Building performant colour swatches

Using Shopify's storefront API and sessionStorage.

Posted 17 July 2021   |   Tags Development Pangaia   |   Back to blog

The problem

As part of Pangaia’s collection page rebuild we took the opportunity to replace the product cards which appear throughout the site with a single Vue component with several new features.

One of these new features was colour swatches which allow the user to seamlessly switch between the product’s colours within the collection page grid. On Pangaia colours are set up as separate products, so instead of just displaying the variants of a product we have to load the information of all the separate related products. The easiest way to do this is to use the products query in Shopify’s storefront API.

Product setup Product families are linked by having the same prefix in their title and handle. So a 365 Hoodie would be called 365 Hoodie—Navy Blue or 365 Hoodie—Jade Green. To find all colours of the 365 Hoodie we would use the query title:365 Hoodie* which finds all products with the title prefix 365 Hoodie, and a few more besides.

On the product page this was straightforward as we could simply make the single request and render the response, however on collection pages you could be loading tens of products at a time which could mean hitting the API rate limit or simply slowing down the user’s browser as it renders possibly hundreds of swatches.

The solution

First we check if the product card is visible (according to the intersection observer API), we only make the request if the product card has scrolled into view.

Next the product card’s handle is added to a queue which is used to spread the requests. This means when a row of four product cards become visible they don’t all load simultaneously. Once the request is made we remove the handle from the queue so we don’t unnecessarily slow down future requests.

Then we check if the product family has already been loaded; if the product family’s colour array is already available in sessionStorage then we use that instead of making a request.

Why sessionStorage? We used sessionStorage because Pangaia frequently updates their product catalogue as products become available or go out of stock due to the popular nature of their products. sessionStorage persists as long as the tab exists which saves us having to check if the cache should be expired or not.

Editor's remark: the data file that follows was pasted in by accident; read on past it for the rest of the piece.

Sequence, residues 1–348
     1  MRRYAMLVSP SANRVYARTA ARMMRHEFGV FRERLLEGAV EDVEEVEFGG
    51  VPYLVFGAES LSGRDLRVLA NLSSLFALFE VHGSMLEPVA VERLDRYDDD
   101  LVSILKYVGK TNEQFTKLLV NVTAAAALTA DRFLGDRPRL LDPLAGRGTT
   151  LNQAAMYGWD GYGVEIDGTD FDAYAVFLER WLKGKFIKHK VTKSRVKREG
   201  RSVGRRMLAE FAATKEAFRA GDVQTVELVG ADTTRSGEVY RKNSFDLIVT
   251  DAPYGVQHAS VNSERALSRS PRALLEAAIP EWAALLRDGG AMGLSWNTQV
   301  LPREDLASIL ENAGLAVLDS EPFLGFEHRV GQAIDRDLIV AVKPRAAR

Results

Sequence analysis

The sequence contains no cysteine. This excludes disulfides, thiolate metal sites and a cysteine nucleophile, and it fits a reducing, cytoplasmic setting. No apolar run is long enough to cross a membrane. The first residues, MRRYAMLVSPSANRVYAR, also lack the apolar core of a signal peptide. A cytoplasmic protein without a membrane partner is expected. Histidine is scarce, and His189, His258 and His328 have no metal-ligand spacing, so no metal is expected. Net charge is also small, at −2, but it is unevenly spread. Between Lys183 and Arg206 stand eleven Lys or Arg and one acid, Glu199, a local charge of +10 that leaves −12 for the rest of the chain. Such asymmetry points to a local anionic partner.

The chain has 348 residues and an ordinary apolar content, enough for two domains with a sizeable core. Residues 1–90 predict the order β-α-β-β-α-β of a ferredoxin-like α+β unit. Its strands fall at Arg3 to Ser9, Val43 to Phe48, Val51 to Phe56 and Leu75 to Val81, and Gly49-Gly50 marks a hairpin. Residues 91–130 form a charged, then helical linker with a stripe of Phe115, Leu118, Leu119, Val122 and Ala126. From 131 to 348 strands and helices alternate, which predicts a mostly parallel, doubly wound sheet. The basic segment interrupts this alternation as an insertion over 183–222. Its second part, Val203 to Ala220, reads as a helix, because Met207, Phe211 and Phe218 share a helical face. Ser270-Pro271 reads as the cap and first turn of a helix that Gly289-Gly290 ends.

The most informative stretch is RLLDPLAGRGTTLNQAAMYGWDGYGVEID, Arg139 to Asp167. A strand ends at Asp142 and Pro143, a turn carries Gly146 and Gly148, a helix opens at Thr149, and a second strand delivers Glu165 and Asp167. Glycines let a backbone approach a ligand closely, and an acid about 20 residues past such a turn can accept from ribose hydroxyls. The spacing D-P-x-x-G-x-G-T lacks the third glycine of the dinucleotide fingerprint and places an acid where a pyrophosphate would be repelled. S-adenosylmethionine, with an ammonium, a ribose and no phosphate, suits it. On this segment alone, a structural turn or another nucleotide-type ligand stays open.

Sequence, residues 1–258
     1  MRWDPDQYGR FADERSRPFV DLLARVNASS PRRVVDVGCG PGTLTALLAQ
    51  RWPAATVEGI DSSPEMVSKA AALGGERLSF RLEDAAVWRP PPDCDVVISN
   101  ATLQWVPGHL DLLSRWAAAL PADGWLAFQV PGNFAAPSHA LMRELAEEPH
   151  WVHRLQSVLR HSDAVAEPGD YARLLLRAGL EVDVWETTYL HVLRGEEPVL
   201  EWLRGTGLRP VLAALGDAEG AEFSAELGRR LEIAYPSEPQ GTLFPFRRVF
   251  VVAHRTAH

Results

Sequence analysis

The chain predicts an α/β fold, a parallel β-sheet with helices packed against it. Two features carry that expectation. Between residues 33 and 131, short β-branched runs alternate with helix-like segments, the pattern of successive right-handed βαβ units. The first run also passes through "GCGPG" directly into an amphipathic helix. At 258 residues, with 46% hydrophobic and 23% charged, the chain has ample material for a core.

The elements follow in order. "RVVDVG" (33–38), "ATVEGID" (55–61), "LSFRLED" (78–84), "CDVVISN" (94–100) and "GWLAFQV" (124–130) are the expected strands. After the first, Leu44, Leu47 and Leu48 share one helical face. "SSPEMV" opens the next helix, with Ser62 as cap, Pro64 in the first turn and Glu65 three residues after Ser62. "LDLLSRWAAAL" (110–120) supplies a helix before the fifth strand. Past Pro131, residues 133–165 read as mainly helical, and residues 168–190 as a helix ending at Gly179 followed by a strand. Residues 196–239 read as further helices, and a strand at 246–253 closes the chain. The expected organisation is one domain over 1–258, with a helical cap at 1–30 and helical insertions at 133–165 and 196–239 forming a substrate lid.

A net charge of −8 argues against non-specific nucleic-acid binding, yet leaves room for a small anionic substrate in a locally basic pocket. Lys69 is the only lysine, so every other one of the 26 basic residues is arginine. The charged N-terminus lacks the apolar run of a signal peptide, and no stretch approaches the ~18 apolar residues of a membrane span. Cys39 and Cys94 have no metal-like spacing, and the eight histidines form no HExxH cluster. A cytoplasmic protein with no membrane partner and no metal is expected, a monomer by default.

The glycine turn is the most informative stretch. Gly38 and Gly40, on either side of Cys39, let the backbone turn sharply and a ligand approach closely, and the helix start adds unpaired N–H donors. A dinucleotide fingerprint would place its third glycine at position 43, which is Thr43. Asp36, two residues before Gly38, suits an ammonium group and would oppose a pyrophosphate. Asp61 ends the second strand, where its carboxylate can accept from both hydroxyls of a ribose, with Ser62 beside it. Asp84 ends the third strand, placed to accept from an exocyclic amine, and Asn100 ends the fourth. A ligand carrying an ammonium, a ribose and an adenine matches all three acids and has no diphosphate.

If the colour array isn’t available in sessionStorage, but the product family handle has loading set to true, then we add an EventBus listener to wait for the related request to complete. This is why we use a queue to spread the requests as it gives the first product card time to update sessionStorage with the loading state.

Finally if none of the previous conditions are met then the storefront API request will be made using the following steps:

  1. Add the product family handle to the colours object in sessionStorage with loading set to true
  2. Send the request to the storefront API using a title prefix search
  3. Receive the response, remove unrelated products and format their objects
  4. Replace the entry in the colours object with the formatted array
  5. Emit an event with the formatted array as the payload
  6. Set the product card’s state to use the array and render it

Final thoughts

Thanks to this additional work we made the collection pages as performant as we could when loading large amounts of data. This is just one of several complex features we integrated into the new collection build.

The next step is to create a custom sync app to store the colour swatches directly in Algolia so we don’t have to make these additional requests in the first place.

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